Mi­grant raids boon for Texas coun­ties

Northwest Arkansas Democrat-Gazette - - NATIONAL -

AUSTIN, Texas — Sev­eral Texas coun­ties have found a way to profit from work­ing with fed­eral im­mi­gra­tion of­fi­cials in track­ing and de­tain­ing im­mi­grants who are liv­ing in the coun­try il­le­gally.

Eight coun­ties have joined a fed­eral pro­gram that al­lows sher­iff’s deputies to be­come cer­ti­fied im­mi­gra­tion of­fi­cers. Four of those coun­ties — along with six oth­ers not in the cer­ti­fi­ca­tion pro­gram — al­low fed­eral agents to stash de­tained aliens in their jails, the Austin American-States­man re­ported Sunday.

At least 16 coun­ties na­tion­wide par­tic­i­pate in both pro­grams. Lub­bock County re­cently started hav­ing deputies cer­ti­fied as im­mi­gra­tion of­fi­cers un­der a pro­gram named 287(g), for the law that cre­ated it. It also col­lects $65 daily per per­son it houses af­ter de­ten­tion by U.S. Im­mi­gra­tion and Cus­toms En­force­ment.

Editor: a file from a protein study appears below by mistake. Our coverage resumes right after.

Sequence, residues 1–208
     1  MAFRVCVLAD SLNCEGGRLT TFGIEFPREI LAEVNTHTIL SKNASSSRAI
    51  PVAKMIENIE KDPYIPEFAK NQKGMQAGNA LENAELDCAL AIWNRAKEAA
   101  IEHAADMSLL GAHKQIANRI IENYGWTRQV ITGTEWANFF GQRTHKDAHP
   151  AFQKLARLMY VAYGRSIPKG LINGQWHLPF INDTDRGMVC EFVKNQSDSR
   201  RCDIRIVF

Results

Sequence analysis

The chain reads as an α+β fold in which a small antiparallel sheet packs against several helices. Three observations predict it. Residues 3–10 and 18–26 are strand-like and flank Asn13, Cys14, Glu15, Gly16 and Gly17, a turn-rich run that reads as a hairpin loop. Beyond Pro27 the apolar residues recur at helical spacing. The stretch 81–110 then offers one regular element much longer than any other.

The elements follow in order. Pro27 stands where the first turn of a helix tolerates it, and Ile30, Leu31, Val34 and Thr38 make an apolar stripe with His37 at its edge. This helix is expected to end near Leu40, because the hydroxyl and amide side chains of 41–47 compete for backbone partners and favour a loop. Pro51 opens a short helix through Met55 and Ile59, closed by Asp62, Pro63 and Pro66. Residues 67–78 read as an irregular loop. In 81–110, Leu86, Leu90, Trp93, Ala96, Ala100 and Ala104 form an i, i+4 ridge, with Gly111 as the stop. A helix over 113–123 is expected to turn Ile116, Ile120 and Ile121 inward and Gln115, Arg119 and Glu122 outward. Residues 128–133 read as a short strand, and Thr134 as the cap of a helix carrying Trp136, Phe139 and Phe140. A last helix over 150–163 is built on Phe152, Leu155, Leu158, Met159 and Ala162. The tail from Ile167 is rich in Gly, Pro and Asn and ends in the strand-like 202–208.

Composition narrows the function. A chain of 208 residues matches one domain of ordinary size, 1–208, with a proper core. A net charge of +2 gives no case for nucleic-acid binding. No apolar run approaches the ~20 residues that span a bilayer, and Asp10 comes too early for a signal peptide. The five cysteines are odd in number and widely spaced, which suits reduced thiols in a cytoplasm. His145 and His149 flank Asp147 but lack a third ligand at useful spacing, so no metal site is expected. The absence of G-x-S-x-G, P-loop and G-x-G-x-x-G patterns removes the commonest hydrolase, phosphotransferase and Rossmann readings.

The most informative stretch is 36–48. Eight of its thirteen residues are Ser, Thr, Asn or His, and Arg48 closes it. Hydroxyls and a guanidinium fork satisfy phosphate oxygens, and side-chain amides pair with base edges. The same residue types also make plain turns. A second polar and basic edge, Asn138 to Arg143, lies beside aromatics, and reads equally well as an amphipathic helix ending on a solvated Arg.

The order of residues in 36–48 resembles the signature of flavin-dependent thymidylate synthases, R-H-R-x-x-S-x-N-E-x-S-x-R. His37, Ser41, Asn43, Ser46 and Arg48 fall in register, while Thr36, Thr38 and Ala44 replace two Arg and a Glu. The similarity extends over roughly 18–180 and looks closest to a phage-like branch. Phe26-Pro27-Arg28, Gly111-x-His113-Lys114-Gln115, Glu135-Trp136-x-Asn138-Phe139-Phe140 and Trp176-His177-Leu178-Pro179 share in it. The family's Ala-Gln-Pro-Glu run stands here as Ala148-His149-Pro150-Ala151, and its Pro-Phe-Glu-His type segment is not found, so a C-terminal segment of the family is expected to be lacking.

With fed­eral pres­sure on il­le­gal im­mi­gra­tion grow­ing, ad­vo­cates worry that more coun­ties will act to par­tic­i­pate in both pro­grams. The setup is a “per­verse fi­nan­cial in­cen­tive,” said Mary Small, pol­icy di­rec­tor of the Washington-based De­ten­tion Watch Net­work.

Walker County, where Huntsville is lo­cated, re­sponded to a jail es­cape by is­su­ing $20 mil­lion in bonds in 2012 to build a new jail. The county sher­iff’s of­fice vowed to find new rev­enue sources to help de­fray the cost of the new lockup and locked onto work­ing with Im­mi­gra­tion and Cus­toms En­force­ment.

“It al­lows them to con­trol the pipe­line of peo­ple into the de­ten­tion fa­cil­ity where they’re then paid per day to de­tain peo­ple,” Small said.

As far as Im­mi­gra­tion and Cus­toms En­force­ment is con­cerned, though, the pro­grams pro­vide “an in­valu­able force mul­ti­plier” for im­mi­gra­tion agents, said agency spokesman Sarah Ro­driguez.

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